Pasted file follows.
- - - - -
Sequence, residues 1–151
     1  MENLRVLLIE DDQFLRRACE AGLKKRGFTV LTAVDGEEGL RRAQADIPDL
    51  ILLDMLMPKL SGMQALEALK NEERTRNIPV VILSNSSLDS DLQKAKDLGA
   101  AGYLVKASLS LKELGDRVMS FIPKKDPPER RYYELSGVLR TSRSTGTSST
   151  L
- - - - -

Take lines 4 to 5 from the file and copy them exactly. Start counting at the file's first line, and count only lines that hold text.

   101  AGYLVKASLS LKELGDRVMS FIPKKDPPER RYYELSGVLR TSRSTGTSST
   151  L